You may have been told before that you need a will. While it is true that a will is a key part of your estate planning documents, it is important to know the difference between a living will and a last will. Each of these kinds of wills serve a different purpose and can do different things for you, but they are both of equal importance.
What is a Living Will?
A living will contains instructions related to what kind of medical care you want to receive in case you become incapacitated, a way to speak for yourself and make decisions. For example, if you have been seriously injured in a car accident and are unconscious, your living will has important instructions for the doctors caring for you as well as for your family. Do you want to receive CPR? Do you wish to be placed on life support? Which family member is authorized to speak on your behalf and make health care decisions for you? All of this information is outlined in your living will.
What is a Last Will?
While a living will contains your personal wishes for health care treatment, a last will addresses your preferences for what should happen to your assets when you pass away. Your last will includes a list of your assets, such as real estate property, bank accounts, investments, and any other assets, as well as a list of the beneficiaries that will be receiving them, and a determination of how everything should be split up among your heirs.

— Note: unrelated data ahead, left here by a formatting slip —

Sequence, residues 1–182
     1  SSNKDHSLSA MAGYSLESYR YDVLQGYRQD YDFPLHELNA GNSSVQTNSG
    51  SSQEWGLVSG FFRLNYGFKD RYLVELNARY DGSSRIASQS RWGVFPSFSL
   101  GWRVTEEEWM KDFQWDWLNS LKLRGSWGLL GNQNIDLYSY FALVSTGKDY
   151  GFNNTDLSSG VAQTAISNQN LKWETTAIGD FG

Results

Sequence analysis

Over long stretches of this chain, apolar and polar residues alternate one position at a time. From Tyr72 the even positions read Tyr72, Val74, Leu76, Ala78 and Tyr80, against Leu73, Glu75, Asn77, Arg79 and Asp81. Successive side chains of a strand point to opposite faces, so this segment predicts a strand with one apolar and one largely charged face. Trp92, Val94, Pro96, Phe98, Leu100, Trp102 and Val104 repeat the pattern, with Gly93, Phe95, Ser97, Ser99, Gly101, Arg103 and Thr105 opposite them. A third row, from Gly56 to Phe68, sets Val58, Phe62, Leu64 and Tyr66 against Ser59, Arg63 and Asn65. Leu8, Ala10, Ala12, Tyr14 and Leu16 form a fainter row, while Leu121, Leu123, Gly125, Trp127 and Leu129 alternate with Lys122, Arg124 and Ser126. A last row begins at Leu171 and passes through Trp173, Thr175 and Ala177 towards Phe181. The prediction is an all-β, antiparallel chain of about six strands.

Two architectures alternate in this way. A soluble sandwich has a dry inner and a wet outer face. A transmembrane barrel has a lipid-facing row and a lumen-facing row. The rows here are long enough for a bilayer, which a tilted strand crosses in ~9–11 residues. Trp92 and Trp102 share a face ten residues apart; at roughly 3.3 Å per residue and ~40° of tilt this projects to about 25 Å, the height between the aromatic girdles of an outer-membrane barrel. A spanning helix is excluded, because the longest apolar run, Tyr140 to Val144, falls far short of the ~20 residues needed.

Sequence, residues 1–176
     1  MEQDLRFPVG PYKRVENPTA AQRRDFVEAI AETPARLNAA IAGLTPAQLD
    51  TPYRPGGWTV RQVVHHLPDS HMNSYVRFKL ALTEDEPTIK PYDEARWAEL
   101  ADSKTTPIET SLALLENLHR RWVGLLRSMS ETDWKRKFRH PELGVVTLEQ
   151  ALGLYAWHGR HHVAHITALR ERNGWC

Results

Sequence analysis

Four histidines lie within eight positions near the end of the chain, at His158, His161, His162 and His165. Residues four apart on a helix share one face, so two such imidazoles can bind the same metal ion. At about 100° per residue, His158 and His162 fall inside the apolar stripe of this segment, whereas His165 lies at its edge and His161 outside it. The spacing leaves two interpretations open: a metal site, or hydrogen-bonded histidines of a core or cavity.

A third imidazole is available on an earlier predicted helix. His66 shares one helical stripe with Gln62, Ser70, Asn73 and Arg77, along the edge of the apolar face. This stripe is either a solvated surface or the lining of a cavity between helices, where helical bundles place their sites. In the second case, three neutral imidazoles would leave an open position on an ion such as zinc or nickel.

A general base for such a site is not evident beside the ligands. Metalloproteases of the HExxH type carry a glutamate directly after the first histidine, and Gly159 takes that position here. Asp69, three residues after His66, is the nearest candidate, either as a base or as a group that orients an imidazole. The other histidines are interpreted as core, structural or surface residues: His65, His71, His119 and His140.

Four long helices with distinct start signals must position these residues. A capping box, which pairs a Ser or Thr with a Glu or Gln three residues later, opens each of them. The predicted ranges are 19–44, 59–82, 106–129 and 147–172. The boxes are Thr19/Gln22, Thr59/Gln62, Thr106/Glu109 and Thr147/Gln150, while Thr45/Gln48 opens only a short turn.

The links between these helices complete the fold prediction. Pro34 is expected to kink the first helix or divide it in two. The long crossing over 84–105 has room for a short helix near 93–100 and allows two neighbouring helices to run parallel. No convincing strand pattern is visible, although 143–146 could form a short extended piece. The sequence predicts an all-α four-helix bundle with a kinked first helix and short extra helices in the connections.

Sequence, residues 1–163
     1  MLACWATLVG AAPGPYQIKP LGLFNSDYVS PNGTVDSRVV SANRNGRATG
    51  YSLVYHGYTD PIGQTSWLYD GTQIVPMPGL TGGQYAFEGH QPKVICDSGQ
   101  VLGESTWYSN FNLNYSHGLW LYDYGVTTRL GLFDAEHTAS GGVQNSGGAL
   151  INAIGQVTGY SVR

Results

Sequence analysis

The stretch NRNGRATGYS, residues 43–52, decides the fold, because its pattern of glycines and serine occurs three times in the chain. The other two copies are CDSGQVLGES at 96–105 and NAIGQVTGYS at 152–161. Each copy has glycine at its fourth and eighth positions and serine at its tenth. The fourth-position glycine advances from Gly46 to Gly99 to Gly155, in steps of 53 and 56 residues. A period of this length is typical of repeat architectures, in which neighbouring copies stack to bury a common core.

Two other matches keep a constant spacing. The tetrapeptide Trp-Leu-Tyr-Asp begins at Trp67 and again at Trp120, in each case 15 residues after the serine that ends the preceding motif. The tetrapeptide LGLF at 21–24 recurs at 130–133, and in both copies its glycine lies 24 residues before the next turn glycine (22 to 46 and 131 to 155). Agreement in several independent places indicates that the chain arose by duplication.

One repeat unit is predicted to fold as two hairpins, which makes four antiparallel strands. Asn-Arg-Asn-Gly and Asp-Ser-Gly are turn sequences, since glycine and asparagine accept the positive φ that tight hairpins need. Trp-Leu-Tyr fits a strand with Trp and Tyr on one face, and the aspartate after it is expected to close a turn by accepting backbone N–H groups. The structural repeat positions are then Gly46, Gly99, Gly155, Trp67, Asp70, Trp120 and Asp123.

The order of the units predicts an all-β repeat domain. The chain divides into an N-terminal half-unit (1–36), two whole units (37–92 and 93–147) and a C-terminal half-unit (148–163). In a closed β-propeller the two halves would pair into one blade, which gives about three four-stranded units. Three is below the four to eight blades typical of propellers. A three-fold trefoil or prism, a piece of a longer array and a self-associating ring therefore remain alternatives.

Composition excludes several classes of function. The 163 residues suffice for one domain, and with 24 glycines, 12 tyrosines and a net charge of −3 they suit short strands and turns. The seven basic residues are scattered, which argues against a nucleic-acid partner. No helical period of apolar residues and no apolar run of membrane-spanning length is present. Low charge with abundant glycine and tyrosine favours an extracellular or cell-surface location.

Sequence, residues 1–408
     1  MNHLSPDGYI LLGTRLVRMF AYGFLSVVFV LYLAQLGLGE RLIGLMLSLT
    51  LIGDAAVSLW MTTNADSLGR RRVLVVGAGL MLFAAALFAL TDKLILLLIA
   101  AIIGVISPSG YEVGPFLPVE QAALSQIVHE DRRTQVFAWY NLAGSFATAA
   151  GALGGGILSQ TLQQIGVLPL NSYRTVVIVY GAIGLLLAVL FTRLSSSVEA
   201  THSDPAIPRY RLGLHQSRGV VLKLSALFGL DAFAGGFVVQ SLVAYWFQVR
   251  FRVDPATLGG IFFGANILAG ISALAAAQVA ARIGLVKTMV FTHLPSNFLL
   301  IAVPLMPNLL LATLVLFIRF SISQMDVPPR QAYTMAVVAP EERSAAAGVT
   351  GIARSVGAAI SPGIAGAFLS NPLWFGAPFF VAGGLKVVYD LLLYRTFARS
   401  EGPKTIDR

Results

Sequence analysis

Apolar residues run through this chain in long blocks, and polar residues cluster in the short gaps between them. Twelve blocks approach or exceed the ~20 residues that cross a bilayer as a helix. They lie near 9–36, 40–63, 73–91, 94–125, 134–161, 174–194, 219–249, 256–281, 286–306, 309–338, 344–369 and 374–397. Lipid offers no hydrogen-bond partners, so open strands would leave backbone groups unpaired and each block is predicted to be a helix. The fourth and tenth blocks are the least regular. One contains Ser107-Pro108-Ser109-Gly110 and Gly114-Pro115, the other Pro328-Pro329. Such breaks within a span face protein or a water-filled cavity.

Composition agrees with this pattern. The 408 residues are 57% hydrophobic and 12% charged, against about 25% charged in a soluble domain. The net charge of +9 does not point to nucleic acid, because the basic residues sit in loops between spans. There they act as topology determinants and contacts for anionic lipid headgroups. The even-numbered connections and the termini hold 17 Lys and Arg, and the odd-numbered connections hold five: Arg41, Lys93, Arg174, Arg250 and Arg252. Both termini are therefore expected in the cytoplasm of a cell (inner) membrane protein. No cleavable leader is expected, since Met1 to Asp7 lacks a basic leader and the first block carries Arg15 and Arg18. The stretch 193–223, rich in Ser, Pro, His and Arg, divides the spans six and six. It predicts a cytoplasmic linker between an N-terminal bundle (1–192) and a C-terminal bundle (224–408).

When you die, your estate may go through probate and your will becomes part of the probate process. If you die without a will, a court will divide your assets according to your state’s internal laws. A last will, sometimes referred to as a last will and testament, also appoints an executor for your estate. An executor will serve as a personal, and sometimes legal, representative of the estate. Your last will can also appoint a guardian for any of your children who are minors.
Should I Get a Living Will or a Last Will?
Because both documents serve different functions, it is recommended that you consider getting both a last will and a living will. They work hand-in-hand to communicate your wishes for the medical care you want to receive while you are still alive and also your wishes for how your assets should be handled after you pass away. In addition, you may also want to consider adding other important documents, such as a durable healthcare power of attorney. A living will may not contain enough information when it comes to specific medical treatment decisions; thus a durable power of attorney document allows a proxy (the person you appointed as responsible for making health care decisions on your behalf while you are incapacitated) to address medical treatment decisions you may not have included in your living will. If you have questions about which documents are right for you or need help to get started with your living will or last will, contact the Clarksville estate planning attorneys at Crow Estate Planning and Probate, PLC to learn more about your options to give you and your family peace of mind.